Hurricane Ian leaves 21 dead; 10,000 still unaccounted for

By Rob Hotakainen | 09/30/2022 01:37 PM EDT

Nearly 2 million customers are still without power after the Category 4 hurricane hit Florida on Wednesday. The storm is poised to strike South Carolina next.

Damaged and missing homes are seen in the wake of Hurricane Ian on Thursday in Fort Myers Beach, Fla.

Damaged and missing homes are seen in the wake of Hurricane Ian on Thursday in Fort Myers Beach, Fla. AP Photo/Wilfredo Lee

Millions of Floridians remained without power, food and water on Friday as emergency crews stepped up their efforts to rescue people still trapped by Hurricane Ian.

As the unofficial death toll hit 21, state officials said 10,000 Floridians had yet to be accounted for.

Florida Gov. Ron DeSantis said emergency workers had gone door-to-door to more than 3,000 homes in the hardest-hit areas in search of survivors.


“There are over a thousand dedicated rescue personnel who are going up and down the coastline,” DeSantis, a Republican, said at a morning news conference at the Florida Emergency Operations Center in Tallahassee.

At least 700 Floridians had been rescued, mostly by air.

As Ian prepared to make landfall in South Carolina on Friday, Florida officials said the Category 4 hurricane that slammed their state with 150-mph winds on Wednesday could rank as the biggest natural disaster to ever hit the state.

The governor said that officials had contacted 20,000 Floridians who filled out a “shelter-in-place” survey, indicating that they planned to remain in their homes to ride out the storm, but that they had heard back from only 10,000 of those residents.

With cellphone connectivity “sparse in some areas,” DeSantis urged people to use a new website — — to connect with family members and help search-and-rescue teams find any missing Floridians.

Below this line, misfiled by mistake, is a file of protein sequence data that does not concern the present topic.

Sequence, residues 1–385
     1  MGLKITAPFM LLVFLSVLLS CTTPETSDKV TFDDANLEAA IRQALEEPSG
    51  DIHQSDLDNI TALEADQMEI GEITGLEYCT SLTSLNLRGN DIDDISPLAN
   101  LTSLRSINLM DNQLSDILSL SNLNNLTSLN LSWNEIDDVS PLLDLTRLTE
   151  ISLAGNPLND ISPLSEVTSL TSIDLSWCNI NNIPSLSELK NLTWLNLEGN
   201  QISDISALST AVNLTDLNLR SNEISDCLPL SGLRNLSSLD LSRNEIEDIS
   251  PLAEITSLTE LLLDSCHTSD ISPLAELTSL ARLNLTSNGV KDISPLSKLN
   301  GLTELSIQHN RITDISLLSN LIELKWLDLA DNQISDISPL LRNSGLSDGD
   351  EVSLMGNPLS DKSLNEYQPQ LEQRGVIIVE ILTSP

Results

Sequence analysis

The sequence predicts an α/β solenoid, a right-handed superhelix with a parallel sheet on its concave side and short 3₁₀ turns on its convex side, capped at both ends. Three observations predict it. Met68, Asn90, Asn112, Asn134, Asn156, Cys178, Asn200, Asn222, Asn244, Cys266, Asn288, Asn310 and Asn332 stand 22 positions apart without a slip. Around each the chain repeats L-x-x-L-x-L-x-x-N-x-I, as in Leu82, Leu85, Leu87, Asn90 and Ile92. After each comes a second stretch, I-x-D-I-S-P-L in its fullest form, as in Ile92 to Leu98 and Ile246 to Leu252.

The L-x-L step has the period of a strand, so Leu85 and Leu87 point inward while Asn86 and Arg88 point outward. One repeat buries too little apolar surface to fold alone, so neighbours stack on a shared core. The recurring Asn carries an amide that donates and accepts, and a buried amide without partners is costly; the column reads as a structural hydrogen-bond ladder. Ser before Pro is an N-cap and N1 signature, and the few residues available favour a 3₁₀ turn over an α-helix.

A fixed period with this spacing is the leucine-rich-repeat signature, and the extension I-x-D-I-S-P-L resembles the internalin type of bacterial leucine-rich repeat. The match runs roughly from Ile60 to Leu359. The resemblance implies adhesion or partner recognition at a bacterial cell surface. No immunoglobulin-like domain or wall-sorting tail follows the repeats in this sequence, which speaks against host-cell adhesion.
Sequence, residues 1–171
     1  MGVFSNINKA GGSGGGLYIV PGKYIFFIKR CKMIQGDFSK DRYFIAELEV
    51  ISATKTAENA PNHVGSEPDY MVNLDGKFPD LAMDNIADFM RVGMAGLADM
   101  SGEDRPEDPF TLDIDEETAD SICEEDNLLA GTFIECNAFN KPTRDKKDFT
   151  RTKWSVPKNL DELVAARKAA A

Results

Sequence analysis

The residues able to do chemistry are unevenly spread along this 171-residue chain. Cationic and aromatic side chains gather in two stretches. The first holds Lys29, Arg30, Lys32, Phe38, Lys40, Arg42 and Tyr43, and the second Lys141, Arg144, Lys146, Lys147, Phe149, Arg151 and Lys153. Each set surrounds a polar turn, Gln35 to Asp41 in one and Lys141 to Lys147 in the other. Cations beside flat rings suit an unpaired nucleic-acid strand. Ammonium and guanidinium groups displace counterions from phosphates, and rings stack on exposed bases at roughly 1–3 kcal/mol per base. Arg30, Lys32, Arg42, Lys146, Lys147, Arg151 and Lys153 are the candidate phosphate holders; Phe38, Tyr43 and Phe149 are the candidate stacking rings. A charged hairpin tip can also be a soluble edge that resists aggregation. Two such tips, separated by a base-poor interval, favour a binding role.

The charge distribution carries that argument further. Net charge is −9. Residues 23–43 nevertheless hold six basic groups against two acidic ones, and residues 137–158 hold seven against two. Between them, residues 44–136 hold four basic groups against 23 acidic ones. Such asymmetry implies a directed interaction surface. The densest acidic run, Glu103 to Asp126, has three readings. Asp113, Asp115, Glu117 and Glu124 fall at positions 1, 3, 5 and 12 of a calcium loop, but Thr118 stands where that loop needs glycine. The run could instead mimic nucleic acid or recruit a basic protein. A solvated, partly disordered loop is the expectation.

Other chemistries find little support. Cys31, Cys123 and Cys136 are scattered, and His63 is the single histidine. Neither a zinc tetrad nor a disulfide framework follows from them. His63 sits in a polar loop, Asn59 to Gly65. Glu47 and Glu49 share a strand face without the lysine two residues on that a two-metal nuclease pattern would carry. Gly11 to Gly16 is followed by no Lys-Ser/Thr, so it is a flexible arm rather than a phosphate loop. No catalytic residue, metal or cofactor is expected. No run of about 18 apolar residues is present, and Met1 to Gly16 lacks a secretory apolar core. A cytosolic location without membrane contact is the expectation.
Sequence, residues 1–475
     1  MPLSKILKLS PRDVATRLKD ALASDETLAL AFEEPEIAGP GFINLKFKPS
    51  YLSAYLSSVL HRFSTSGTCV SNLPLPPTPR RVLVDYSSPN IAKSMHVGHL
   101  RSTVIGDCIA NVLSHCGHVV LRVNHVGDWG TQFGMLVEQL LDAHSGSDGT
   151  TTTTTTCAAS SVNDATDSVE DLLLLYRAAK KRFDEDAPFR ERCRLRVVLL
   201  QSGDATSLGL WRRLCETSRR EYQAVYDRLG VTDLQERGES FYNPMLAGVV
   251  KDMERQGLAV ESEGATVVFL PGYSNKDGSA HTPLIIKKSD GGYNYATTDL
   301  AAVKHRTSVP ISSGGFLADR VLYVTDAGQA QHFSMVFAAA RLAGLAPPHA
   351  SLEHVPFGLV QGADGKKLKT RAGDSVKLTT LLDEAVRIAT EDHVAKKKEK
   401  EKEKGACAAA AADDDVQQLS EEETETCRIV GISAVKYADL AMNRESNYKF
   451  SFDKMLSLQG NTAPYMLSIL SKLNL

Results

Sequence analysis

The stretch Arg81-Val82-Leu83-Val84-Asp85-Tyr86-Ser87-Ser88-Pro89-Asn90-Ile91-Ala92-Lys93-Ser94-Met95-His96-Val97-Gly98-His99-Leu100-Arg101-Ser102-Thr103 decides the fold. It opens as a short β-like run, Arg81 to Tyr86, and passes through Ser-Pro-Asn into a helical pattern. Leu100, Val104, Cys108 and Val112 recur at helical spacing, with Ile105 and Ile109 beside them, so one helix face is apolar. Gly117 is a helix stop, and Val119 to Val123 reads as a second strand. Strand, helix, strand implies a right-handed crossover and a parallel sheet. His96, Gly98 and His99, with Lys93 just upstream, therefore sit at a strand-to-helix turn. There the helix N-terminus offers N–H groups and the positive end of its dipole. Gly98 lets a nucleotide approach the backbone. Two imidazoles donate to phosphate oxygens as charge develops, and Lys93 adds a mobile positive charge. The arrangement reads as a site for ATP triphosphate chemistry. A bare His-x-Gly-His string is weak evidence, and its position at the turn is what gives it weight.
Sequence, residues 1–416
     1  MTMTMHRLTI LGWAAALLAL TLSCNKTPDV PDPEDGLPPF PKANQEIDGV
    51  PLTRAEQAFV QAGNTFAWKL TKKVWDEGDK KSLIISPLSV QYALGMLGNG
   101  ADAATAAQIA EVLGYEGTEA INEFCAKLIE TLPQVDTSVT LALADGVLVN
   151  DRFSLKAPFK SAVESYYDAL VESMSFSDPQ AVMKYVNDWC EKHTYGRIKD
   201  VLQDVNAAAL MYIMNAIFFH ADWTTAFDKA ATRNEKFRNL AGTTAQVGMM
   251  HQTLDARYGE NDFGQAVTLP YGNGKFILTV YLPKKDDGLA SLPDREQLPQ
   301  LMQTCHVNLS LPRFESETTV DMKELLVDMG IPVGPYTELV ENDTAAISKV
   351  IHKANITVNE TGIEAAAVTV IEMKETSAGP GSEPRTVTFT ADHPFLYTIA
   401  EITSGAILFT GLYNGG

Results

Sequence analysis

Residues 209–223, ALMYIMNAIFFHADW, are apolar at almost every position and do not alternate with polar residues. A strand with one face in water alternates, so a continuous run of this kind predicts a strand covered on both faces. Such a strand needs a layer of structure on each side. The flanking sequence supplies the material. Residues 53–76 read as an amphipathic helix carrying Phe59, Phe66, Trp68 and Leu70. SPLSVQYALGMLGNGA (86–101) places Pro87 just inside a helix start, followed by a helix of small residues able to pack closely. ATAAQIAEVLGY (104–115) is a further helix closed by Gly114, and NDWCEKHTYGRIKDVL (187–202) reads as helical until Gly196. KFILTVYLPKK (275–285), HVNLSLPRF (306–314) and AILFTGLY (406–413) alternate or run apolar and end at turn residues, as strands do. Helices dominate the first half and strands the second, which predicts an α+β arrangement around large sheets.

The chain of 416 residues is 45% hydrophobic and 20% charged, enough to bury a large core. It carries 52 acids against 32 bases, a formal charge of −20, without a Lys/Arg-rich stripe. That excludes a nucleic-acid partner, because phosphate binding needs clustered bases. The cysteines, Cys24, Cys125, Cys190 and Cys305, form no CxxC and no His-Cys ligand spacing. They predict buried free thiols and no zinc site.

Thousands of Floridians are also lacking access to food and water. DeSantis said emergency workers had set up food and water distribution centers in Lee and Charlotte counties, using the training facilities of the Tampa Bay Rays and the Minnesota Twins.

The governor said the state had evacuated six health care facilities in southwest Florida that “were having problems with water or problems with power for an extended period of time.”

DeSantis said state workers had also inspected and reopened 800 bridges and cleared more than 1,100 miles of roads.

As workers dug through the debris, city officials in Fort Myers Beach said that 90 percent of the homes had been destroyed. Emergency crews planned to use barges to reach hundreds of people trapped on Sanibel Island after a causeway that served as the only access to the Florida mainland collapsed.

The governor said Fort Myers Beach was “ground zero and obviously very important” but that Ian had also caused widespread destruction farther inland, noting that 99 percent of the residents in Hardee County in central Florida were still without electricity.

Across the state, 1.9 million customers had yet to have their power restored, DeSantis said.

The White House said President Joe Biden talked to DeSantis on Friday and “has directed his entire Administration to prioritize lifesaving actions and ensure delivery of essential services and support to survivors.”

Biden also approved four additional counties in the state for “Individual Assistance and Debris Removal” as part of a major disaster declaration for Florida, and the White House said more counties may be added in the coming days.

The White House said Biden has also approved a pre-landfall emergency declaration for South Carolina. After weakening when it left Florida, Ian strengthened again and is expected to strike South Carolina later Friday as a Category 1 hurricane.

While the storm dumped more than a foot of rain in parts of central Florida, a study released Thursday found that climate change added at least 10 percent more rain to Hurricane Ian.

The study compared storm rainfall in forecast simulations with and without human-induced climate change.

“In short, the hurricane was wetter than it would have been in a world without climate change,” said Kevin Reed, one of the researchers involved in the study and an associate professor at Stony Brook University.

In an email, Reed called it “another reminder that climate change is here and impacting our weather events, including hurricanes.”